Beyond ball-and-stick: Students' processing of novel STEM visualizations

Scott R. Hinze*, David Neil Rapp, Vickie M. Williamson, Mary Jane Shultz, Ghislain Deslongchamps, Kenneth C. Williamson

*Corresponding author for this work

Research output: Contribution to journalArticle

32 Scopus citations

Abstract

Students are frequently presented with novel visualizations introducing scientific concepts and processes normally unobservable to the naked eye. Despite being unfamiliar, students are expected to understand and employ the visualizations to solve problems. Domain experts exhibit more competency than novices when using complex visualizations, but less is known about how and when learners develop representational fluency. This project examined students' moment-by-moment adoption patterns for scientific visualizations. In a laboratory experiment, introductory-level organic chemistry students viewed familiar ball-and-stick and novel electrostatic potential map representations while solving chemistry problems. Eye movement patterns, verbal explanations, and individual difference analyses showed that students initially relied on familiar representations, particularly for difficult questions. However, as the task unfolded, students with more prior knowledge began relying upon the novel visualizations. These results indicate adoption and fluent use of visualizations is not given; rather, it is a function of prior knowledge and unfolding experience with presented content.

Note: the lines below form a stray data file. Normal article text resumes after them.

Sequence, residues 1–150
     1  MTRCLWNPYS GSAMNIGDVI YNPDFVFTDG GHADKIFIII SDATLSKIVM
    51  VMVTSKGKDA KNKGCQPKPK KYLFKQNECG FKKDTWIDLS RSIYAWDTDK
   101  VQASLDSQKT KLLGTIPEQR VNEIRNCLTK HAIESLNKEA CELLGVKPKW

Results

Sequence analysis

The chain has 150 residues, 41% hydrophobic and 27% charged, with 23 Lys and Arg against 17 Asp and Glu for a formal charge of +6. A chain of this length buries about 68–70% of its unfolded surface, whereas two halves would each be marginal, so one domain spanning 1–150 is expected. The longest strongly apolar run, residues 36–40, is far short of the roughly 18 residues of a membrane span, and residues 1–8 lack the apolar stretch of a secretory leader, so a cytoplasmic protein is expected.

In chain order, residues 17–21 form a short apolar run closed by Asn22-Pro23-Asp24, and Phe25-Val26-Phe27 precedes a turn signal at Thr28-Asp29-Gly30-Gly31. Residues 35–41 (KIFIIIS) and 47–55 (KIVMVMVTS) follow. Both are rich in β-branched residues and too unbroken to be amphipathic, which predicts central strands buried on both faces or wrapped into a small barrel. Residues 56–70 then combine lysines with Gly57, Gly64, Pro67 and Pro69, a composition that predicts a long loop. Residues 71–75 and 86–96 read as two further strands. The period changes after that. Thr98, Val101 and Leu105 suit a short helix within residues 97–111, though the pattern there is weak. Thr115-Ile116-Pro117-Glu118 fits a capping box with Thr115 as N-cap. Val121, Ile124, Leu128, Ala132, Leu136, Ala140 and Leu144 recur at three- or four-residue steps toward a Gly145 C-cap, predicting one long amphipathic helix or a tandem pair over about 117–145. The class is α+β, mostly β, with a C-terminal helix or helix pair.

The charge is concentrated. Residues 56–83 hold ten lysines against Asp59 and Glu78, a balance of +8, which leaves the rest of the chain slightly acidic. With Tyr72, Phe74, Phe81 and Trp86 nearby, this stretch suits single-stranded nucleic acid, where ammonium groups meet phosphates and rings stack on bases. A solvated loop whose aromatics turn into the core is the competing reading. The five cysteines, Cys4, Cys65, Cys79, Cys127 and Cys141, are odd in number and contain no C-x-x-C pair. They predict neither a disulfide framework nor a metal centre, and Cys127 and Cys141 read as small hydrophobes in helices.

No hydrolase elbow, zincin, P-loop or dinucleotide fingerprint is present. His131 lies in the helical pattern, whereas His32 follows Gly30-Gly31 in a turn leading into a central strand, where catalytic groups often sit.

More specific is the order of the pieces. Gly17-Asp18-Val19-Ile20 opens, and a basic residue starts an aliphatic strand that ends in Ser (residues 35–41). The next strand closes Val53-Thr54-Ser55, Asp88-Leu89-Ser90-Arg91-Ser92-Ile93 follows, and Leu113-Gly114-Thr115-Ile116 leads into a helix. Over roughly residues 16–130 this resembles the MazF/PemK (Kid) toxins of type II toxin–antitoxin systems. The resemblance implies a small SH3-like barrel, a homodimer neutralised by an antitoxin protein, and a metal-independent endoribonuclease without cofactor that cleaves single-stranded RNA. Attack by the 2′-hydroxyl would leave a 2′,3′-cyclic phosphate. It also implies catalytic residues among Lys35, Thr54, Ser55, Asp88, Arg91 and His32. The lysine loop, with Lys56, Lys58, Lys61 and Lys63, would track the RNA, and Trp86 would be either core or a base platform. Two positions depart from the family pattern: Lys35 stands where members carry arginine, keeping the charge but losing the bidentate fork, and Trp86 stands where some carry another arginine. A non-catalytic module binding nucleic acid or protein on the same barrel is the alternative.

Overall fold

Original languageEnglish (US)
Pages (from-to)12-21
Number of pages10
JournalLearning and Instruction
Volume26
DOIs
StatePublished - Aug 1 2013

Keywords

  • Chemistry learning
  • Eye tracking
  • Prior knowledge
  • Visualization

ASJC Scopus subject areas

  • Education
  • Developmental and Educational Psychology

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    Hinze, S. R., Rapp, D. N., Williamson, V. M., Shultz, M. J., Deslongchamps, G., & Williamson, K. C. (2013). Beyond ball-and-stick: Students' processing of novel STEM visualizations. Learning and Instruction, 26, 12-21. https://doi.org/10.1016/j.learninstruc.2012.12.002